5 Samples that Completely Change the Original Song

Written by Sam Keeling

Song sampling is at the heart of hip hop. In the early days of the genre, when it was still largely live music that hadn’t yet found recording success, DJs would scour funk, R&B and soul records for interesting instrumental breaks in the music. Once they found a catchy one, they would stretch it out and create their own rhythm from it. The best grooves got the most enthusiastic response from the audience.

A lot has changed since then. Hip hop went from an obscure, local music form in America to the country’s most popular and influential modern music genre. Although hip hop is continuously evolving, the use of samples remains prevalent.

Some critique the use of samples, saying it demonstrates a lack of creativity from artists; I think those people are lacking perspective. Hip hop artists don’t copy the music of past artists; instead, they reinterpret the older song, infusing it with their own perspective, experiences and memories to create a new landscape in which the older song can continue to thrive.

Here are five examples of songs that effectively use samples to redefine the meanings of previously recorded songs.

Coolio, “Gangsta’s Paradise” (1995)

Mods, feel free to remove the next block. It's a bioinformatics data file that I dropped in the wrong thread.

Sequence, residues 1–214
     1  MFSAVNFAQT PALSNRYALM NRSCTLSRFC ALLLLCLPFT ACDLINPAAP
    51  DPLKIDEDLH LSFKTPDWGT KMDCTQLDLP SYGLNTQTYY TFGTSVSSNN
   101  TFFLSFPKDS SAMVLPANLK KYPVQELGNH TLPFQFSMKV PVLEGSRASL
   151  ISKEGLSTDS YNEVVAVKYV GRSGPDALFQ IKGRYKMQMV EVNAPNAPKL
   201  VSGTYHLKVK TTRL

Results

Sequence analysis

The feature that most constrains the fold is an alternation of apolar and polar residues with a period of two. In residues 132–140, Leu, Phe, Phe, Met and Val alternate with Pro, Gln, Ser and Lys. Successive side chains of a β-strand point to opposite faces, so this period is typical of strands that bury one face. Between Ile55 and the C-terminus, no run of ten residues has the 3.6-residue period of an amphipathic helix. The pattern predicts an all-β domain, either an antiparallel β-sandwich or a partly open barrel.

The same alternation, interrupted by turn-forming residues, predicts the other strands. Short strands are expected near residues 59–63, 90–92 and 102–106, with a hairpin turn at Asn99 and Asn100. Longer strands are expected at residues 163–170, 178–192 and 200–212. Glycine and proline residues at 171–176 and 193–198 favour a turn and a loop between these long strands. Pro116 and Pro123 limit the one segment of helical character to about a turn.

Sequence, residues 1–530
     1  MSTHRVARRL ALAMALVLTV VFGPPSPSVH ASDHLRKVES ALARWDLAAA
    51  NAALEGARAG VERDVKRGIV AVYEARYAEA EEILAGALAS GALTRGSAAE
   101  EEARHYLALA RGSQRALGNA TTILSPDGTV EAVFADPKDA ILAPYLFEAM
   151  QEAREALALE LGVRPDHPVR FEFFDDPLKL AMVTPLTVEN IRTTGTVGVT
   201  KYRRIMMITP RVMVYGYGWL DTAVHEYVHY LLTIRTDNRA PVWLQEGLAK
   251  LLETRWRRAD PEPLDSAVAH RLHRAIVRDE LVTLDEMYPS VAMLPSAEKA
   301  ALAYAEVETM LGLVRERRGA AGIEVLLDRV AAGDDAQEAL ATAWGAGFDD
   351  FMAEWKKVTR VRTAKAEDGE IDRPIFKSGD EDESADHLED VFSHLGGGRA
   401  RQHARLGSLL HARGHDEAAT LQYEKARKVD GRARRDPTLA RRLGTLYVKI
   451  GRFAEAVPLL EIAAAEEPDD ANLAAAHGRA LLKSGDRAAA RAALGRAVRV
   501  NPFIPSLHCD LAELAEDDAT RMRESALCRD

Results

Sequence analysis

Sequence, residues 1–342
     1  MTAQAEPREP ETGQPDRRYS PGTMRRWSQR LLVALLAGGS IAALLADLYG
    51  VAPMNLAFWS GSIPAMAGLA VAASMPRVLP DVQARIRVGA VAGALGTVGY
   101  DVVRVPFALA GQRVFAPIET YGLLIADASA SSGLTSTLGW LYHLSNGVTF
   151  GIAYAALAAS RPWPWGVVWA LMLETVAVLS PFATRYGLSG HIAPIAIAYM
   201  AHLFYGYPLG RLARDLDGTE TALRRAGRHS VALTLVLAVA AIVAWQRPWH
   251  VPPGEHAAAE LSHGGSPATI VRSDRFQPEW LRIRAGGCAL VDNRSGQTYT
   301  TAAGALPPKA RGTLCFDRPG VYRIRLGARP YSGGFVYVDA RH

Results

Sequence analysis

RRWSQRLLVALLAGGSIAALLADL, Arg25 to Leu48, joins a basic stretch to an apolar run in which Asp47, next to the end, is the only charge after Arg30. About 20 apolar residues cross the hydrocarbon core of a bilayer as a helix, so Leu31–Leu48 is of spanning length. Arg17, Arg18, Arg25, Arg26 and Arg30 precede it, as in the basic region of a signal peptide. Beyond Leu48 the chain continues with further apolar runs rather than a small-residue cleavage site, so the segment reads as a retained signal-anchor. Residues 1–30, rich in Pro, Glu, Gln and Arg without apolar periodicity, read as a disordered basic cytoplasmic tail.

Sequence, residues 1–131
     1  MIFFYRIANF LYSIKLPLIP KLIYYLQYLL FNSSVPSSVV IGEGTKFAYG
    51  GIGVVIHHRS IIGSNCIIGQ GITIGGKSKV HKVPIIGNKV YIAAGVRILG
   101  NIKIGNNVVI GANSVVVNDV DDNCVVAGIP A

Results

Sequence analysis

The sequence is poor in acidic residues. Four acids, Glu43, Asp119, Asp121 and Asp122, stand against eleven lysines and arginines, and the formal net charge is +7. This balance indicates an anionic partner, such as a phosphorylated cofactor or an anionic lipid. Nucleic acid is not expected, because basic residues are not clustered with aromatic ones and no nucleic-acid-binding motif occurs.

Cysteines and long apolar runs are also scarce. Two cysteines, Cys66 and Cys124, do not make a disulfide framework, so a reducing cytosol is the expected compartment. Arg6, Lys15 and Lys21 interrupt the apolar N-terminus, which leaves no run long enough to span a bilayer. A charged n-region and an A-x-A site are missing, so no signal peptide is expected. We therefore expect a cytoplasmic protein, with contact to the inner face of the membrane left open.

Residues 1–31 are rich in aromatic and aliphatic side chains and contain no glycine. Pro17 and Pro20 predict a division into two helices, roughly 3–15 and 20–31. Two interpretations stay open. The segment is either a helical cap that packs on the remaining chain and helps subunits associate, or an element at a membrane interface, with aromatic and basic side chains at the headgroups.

Samples: Stevie Wonder, “Pastime Paradise” (1976)

Stevie Wonder’s magnum opus is “Songs in the Key of Life,” a 1976 double album that explores everything from love to fatherhood, religion and, in the case of songs like “Pastime Paradise,” racial justice. Over hauntingly beautiful strings, Wonder highlights the mindset of the white people that longed for days of segregation: “They’ve been wasting most of their time / Glorifying days long gone behind.”

In 1995, Compton-born rapper Coolio replaced Wonder’s string section with icy synth, and interpolated Wonder’s chorus in the now-famous “Gangsta’s Paradise.” Considered one of the greatest hip hop songs of all time, “Gangsta’s Paradise” strips the overall optimism from Wonder’s song by pointing out that the days of racial injustice are far from pastime. As he laments, “I can’t live a normal life, I was raised by the streets,” Coolio lets us know that racism still exists in different but equally sinister ways.

Fugees, “Ready or Not” (1996)

Samples: The Delfonics, “Ready or Not Here I Come (Can’t Hide From Love)” (1969); Enya, “Boadicea” (1987)

Ms. Lauryn Hill is a hip hop legend known for her expansive knowledge of soul music. For this standout track on the classic Fugees album “The Score,” Hill turns a Delfonics soul standard on its head. Even though the original lyrics were an odd declaration of searching for love, Fugees took them as a warning that they were about to take over the hip hop business.

To add to the atmosphere, the group took a chilling melody from Irish singer Enya’s “Boadicea” and lowered the pitch, so it sounds like alarm ringing out through the speaker. Just like that, a love song and Irish instrumental morphed to help create one of the greatest announcements of dominance in the history of hip hop.

Kanye West, “Through the Wire” (2003)

Samples: Chaka Khan, “Through the Fire” (1984)

It’s hard to believe that there was a time when Kanye West was not a world-famous rapper. In fact, he didn’t begin his career as a performer: instead, he rose to prominence as a beat-maker for big name artists like Jay-Z.